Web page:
Tuesday, November 24, 2015

Must-Have Plants: Japanese Painted Fern

Japanese Painted Fern - Athyrium niponicum 'Pictum'

Must-have plants are among the best for appropriate garden situations. When you need great garden plants for ground cover, naturalizing, wildflower gardens, perennial borders, butterfly gardens, hummingbird gardens, herb gardens, heritage gardens, cutting gardens, woodland gardens, shade gardens, bulb gardens, container gardens, bog gardens, water gardens, rain gardens or xeriscaping, look for the best among our must-have plants.

Name(s): Athyrium niponicum 'Pictum', Athyrium niponicum var. pictum, Japanese Painted Fern

Flower Color: None

Bloom Time: None

Foliage: Herbaceous, metallic gray, reddish/bluish blush

Height/Spread: 12 inches to 18 inches x 12 inches to 18 inches.

Climate Zones: 4, 5, 6, 7, 8, 9

Sun Exposure: Partial shade to full shade.

Soil Condition: Moist to well-drained, loamy, pH 6.1 to 7.5

Features: Colorful foliage, deer resistant, insect resistant, disease resistant.

Uses: Massed planting, naturalizing, fern collections, woodland gardens, shade gardens and borders.

Comments: Athyrium niponicum 'Pictum', also known as Japanese Painted Fern, is one beautiful perennial. Emerging fronds are metallic gray with reddish/bluish blush. Mature fronds hold their color well and contrast nicely with the emerging fronds. Japanese Painted Fern is winter dormant. It forms clumps.

Japanese Painted Fern is deer, insect and disease resistant. Mature height is 12 inches to 18 inches. Performs well in USDA zones 4 to 9. Japanese Painted Fern requires moist soil, but take care not to over-water. It does well in partial shade to full shade. Space 18 inches to 24 inches. Recommended pH is 6.1 to 7.5.

Return to Ferns at goGardenNow.com.

Tuesday, October 20, 2015

FAQ: How far should I plant hollies from the house?

How far should I plant hollies from the house?

Typically, foundation plantings are installed too close to structures making building maintenance and pruning difficult. Humidity between the plants and buildings encourages mold and mildew on windows and walls. Tall plants growing too close can rub and damage soffits. Furthermore, ornamental trees and large shrubs can undermine and compromise the integrity of foundations.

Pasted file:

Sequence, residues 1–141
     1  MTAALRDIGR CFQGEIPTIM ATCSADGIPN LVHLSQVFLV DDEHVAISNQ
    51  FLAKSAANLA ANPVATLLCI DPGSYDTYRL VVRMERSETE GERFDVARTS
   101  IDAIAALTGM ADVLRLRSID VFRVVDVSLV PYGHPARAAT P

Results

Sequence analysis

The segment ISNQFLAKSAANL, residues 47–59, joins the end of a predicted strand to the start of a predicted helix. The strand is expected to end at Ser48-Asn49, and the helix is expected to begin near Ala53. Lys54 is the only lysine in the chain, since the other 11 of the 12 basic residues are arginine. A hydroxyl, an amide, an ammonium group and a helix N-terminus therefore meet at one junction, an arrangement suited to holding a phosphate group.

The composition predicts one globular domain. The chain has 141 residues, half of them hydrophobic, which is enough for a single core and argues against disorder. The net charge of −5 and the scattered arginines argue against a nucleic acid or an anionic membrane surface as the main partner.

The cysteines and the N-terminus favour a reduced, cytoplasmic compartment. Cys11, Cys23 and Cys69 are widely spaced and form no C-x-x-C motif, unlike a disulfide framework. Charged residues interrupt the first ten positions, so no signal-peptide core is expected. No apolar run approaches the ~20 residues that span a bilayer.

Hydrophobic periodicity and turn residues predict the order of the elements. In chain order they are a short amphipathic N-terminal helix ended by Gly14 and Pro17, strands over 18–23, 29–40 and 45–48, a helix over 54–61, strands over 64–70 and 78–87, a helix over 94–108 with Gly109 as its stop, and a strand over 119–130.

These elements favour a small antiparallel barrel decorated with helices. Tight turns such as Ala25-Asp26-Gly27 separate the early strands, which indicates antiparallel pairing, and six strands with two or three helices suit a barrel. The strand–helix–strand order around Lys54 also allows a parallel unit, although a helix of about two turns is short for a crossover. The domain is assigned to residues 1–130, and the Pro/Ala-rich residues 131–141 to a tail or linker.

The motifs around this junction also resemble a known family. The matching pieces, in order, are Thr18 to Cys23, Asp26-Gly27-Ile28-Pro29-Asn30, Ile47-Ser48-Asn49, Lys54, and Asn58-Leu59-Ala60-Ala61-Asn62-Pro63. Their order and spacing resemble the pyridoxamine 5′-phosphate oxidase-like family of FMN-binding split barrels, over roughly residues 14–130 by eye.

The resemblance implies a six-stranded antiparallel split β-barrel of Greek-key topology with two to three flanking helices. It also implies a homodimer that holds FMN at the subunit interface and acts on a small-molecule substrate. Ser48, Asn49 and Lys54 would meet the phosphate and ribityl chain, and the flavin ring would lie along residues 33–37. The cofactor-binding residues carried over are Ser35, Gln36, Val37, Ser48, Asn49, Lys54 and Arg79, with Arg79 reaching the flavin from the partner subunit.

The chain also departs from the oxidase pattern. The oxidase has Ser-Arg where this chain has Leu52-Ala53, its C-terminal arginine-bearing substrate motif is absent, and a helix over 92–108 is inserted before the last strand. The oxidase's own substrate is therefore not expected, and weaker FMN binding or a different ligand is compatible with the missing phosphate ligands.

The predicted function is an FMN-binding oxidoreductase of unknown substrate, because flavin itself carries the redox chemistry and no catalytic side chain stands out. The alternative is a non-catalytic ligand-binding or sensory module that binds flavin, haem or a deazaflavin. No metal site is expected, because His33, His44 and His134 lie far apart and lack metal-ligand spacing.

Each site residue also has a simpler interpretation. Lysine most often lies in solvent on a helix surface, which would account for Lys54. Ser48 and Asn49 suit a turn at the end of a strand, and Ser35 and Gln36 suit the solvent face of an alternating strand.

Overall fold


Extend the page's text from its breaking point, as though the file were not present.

To figure planting distance, determine the mature height and diameter of the species you intend to install. At minimum, determine the height and diameter you intend to keep it. Divide the diameter by 2 to figure the radius. Add at least 3’ to the radius. That point should be the center of your planting hole.

“But I don’t want the plants to be that far out in the yard,” you might protest. Well, choose smaller plants.

“I’ll keep them pruned,” you might convince yourself. Maybe you will; maybe you won’t.

“My neighbors’ foundation plantings are closer to their homes,” you might exclaim. Well, that’s their problem.

Design your foundation beds to a generous size. Your foundation plants can realize their potential. Your landscape will appear fuller and richer. 

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Monday, October 12, 2015

What is this growing in the back of my yard? Someone said it's a "Devil's Walking Stick."

Devil’s Walking Stick (Aralia spinosa) aka “Hercule’s Club” and “Angelica Tree” – is a mighty impressive native American plant. Six words – devil’s, stick, spinosa, Hercules, club and Angelica – should complete the picture. It grows in USDA climate zones 4-9 in slightly acidic to neutral soil with full to partial sun exposure.

There are some fascinating facts you should know about Aralia spinosa.